Exodus 15:20

Hebrew Bible

18 The Lord will reign forever and ever! 19 For the horses of Pharaoh came with his chariots and his footmen into the sea, and the Lord brought back the waters of the sea on them, but the Israelites walked on dry land in the middle of the sea.” 20 Miriam the prophetess, the sister of Aaron, took a hand drum in her hand, and all the women went out after her with hand drums and with dances. 21 Miriam sang in response to them, “Sing to the Lord, for he has triumphed gloriously; the horse and its rider he has thrown into the sea.” 22 Then Moses led Israel to journey away from the Red Sea. They went out to the wilderness of Shur, walked for three days into the wilderness, and found no water.

Jeremiah 31:4

Hebrew Bible

2 The Lord says:“The people of Israel who survived death at the hands of the enemy will find favor in the wilderness as they journey to find rest for themselves. 3 In a faraway land the Lord will manifest himself to them. He will say to them, ‘I have loved you with an everlasting love. That is why I have continued to be faithful to you. 4 I will rebuild you, my dear children Israel, so that you will once again be built up. Once again you will take up the tambourine and join in the happy throng of dancers. 5 Once again you will plant vineyards on the hills of Samaria. Those who plant them will once again enjoy their fruit. 6 Yes, a time is coming when watchmen will call out on the mountains of Ephraim,“Come! Let us go to Zion to worship the Lord our God!”’”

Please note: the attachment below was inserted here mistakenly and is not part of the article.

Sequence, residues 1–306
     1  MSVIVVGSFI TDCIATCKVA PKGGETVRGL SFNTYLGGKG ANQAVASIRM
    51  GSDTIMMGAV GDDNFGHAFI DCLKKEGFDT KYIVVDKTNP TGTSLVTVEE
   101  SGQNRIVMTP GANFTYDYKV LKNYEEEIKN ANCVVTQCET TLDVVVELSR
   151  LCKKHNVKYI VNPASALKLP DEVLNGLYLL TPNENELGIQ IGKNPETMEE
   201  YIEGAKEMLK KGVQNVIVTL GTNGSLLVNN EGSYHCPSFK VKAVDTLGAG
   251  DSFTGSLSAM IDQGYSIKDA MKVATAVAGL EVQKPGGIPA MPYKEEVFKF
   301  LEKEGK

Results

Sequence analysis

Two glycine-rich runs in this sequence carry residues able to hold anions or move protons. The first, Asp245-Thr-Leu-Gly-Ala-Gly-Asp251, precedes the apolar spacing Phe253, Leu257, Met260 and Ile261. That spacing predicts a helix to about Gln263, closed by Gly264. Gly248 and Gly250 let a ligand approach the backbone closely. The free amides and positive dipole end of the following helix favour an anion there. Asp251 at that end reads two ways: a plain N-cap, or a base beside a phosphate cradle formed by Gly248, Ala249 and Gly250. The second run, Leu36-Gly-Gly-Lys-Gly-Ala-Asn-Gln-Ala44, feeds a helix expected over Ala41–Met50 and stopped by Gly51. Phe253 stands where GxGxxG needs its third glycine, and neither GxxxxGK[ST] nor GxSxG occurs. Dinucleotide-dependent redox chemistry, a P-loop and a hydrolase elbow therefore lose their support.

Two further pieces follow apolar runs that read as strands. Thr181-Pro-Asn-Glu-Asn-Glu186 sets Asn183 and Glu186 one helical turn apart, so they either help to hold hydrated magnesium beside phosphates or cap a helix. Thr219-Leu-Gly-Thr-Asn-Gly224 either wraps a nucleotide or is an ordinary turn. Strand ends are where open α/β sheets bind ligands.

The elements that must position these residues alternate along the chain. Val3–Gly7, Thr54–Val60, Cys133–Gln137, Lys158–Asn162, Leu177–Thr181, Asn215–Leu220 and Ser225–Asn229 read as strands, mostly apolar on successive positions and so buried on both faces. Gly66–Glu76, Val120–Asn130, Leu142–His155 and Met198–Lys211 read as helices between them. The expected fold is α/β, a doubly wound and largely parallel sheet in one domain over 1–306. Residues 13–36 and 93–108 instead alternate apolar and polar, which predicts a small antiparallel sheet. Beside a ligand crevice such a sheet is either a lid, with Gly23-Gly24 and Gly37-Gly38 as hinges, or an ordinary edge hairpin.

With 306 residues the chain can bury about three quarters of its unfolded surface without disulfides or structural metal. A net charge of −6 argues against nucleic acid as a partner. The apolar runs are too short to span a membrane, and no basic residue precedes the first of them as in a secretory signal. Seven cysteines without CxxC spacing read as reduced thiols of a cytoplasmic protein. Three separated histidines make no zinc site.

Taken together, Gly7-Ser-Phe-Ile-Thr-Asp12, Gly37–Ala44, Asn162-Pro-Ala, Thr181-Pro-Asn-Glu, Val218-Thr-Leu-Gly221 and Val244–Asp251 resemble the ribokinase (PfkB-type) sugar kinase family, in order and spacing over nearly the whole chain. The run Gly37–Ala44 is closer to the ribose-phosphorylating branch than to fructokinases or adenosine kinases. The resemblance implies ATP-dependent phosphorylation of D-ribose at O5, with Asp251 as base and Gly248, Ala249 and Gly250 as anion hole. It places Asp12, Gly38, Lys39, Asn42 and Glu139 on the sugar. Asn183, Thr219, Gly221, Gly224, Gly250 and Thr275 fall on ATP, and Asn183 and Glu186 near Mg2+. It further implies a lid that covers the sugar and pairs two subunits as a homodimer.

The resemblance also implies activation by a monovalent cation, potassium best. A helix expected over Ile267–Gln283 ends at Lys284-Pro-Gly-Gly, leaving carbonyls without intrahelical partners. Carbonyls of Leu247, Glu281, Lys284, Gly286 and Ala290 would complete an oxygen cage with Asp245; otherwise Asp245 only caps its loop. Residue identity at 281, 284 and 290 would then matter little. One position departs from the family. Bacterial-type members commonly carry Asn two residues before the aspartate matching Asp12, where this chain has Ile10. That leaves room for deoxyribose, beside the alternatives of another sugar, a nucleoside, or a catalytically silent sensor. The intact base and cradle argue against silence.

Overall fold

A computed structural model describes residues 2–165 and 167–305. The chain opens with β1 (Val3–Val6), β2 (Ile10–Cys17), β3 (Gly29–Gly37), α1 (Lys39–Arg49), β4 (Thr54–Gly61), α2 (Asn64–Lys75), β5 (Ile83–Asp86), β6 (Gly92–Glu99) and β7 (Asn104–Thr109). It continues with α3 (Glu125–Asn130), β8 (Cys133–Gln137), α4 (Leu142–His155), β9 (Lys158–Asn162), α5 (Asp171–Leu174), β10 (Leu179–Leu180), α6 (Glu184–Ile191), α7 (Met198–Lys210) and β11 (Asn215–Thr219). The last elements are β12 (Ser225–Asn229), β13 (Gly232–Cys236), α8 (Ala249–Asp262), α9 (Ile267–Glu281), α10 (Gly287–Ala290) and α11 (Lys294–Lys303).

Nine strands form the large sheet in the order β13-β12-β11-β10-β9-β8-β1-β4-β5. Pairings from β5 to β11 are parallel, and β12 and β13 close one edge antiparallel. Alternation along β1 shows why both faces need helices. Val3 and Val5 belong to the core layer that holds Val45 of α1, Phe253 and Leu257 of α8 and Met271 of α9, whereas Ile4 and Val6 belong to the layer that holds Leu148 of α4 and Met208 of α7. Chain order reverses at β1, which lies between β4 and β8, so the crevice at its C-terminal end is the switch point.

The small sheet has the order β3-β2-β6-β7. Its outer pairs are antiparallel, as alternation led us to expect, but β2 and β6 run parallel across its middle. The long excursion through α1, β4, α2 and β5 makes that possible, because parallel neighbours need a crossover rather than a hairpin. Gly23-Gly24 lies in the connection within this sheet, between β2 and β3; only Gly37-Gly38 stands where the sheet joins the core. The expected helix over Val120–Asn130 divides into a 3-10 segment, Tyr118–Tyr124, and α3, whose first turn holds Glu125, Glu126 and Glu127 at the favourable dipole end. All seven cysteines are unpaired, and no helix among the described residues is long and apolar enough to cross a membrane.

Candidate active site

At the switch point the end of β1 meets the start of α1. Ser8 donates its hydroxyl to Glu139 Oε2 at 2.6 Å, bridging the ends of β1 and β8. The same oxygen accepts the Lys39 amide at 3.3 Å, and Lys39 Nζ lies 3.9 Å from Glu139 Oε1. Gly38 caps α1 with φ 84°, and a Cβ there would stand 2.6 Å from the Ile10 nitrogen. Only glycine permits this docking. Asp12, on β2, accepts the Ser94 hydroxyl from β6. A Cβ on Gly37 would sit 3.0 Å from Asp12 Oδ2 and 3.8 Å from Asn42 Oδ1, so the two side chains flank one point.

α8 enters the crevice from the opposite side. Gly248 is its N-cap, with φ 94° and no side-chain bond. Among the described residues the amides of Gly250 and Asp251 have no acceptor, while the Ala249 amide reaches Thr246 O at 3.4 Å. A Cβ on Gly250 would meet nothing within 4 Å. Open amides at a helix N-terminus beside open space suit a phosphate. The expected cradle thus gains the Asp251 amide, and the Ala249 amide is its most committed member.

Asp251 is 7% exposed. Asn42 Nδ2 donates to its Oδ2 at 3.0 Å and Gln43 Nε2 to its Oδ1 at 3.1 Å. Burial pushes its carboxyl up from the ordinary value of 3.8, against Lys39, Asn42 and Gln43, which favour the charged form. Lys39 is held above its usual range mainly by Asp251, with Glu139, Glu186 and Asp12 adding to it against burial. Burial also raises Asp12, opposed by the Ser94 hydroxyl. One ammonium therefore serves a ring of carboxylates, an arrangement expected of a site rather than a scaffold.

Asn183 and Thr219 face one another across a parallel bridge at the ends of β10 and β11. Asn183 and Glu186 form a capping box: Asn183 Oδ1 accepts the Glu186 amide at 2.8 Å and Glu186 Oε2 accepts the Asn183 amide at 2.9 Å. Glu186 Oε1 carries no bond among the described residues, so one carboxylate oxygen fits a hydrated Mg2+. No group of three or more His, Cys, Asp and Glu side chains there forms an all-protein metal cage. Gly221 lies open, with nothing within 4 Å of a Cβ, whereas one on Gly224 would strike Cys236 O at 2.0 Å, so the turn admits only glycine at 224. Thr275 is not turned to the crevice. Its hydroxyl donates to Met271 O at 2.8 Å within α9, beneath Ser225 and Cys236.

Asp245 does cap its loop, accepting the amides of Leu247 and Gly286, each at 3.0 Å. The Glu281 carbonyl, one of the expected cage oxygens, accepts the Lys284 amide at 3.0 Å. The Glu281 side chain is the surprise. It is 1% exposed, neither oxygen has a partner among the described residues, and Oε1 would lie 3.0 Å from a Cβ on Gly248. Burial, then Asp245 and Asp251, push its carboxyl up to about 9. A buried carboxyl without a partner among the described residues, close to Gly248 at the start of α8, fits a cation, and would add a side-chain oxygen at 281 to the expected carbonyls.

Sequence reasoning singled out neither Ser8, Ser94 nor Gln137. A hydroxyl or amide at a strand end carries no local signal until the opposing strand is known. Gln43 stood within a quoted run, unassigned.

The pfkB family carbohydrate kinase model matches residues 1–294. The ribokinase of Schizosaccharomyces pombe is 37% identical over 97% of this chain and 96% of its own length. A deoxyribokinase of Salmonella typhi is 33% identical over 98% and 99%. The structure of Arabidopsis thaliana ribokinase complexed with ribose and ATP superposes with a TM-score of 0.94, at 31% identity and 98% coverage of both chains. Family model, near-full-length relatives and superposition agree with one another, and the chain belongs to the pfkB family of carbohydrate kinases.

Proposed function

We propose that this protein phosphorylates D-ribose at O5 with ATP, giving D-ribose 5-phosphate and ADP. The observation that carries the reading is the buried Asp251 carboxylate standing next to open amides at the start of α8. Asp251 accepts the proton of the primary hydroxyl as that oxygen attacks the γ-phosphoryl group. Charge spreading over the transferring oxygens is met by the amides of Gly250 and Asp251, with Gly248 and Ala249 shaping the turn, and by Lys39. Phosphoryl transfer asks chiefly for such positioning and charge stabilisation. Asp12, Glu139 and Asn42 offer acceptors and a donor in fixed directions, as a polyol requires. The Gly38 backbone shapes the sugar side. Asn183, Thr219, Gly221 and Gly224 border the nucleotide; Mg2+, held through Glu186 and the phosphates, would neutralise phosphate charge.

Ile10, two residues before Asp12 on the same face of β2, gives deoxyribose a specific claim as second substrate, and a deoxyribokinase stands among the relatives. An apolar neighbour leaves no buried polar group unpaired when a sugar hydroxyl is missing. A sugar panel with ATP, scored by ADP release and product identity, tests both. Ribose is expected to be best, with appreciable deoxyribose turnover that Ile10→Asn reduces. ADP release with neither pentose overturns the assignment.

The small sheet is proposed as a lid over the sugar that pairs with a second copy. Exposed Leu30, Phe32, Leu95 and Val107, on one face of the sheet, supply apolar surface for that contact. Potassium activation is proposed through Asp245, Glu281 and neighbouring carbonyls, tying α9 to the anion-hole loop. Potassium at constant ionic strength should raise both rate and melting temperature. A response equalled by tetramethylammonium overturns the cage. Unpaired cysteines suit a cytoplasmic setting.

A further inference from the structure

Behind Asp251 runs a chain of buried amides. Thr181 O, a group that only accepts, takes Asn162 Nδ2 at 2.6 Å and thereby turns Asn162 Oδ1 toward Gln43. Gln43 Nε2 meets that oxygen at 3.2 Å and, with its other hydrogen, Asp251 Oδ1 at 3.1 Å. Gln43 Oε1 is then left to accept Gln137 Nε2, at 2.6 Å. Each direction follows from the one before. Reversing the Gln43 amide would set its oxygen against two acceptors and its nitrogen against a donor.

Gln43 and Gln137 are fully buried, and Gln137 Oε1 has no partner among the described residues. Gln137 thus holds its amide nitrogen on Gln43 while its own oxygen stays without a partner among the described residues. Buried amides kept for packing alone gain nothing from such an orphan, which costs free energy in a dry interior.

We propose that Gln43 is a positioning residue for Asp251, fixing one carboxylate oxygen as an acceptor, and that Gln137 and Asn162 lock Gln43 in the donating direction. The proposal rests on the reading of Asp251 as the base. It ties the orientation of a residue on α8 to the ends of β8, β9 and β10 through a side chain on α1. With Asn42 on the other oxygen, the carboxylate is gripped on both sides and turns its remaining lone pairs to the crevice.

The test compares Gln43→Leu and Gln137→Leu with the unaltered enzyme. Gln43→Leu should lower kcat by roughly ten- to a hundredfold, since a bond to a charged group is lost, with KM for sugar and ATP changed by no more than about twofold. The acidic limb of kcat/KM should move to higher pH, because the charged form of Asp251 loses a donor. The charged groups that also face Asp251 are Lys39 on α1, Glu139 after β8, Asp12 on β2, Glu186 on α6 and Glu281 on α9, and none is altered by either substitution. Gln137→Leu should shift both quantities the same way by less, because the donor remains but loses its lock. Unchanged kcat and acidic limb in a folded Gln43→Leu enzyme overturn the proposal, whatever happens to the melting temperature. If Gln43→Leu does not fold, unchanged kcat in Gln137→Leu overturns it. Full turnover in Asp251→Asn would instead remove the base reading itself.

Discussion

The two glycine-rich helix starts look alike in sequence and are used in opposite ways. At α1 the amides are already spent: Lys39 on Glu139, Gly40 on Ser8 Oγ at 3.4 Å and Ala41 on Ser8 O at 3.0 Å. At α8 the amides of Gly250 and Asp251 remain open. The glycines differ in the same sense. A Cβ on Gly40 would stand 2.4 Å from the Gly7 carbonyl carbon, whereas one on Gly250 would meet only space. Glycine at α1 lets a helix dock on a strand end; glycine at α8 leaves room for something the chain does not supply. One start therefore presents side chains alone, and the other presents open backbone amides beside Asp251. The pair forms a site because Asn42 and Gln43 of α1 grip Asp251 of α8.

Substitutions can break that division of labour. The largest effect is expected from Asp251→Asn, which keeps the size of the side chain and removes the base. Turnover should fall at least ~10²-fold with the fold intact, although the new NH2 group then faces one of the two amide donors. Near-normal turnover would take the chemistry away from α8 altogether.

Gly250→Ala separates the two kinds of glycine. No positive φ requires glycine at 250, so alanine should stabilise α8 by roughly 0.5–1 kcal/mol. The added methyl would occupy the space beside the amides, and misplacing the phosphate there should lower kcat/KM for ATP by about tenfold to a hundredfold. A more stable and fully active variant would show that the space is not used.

Notes and References

"... Exodus 15:20–21 presents Miriam as the author and singer of another song, which presently functions in a secondary role in the text as a conclusion to the more prominent Song of the Sea, even though it may represent the more original hymn. The literary design suggests the loss of the role of women in ancient Israel in the formation of the Hebrew Bible. The feminist commentator Rita Burns summarizes the situation: “It can be said that the primary characteristic of the biblical portrait of Miriam is that she was a leader in the wilderness. In addition, it can be said that, although the texts do not yield a single role designation of her leadership position, they do firmly reflect traditions which regarded Miriam as a cult official and as a mediator of God’s word.” The interpretation of Exodus 15:20–21 provides a window into the gender-segregated roles of women in the institutions of the Hebrew Bible, which contemporary feminists have sought to recover. According to this text, Miriam, along with a group of women, sang a victory song to Israelite warriors returning from battle. The text indicates that as the women sang they played musical instruments. Other examples of women musicians singing celebratory songs can be found in 1 Samuel 18:6; Jeremiah 31:4, as well as the related examples of Judges 11:34 and 5:1. Some feminist biblical scholars infer from these examples that there may have been training and practice sessions geared only to girls and women ..."

Steinberg, Naomi "Feminist Criticism" in Dozeman, Thomas B. (ed.) Methods for Exodus (pp. 163-192) Cambridge University Press, 2010

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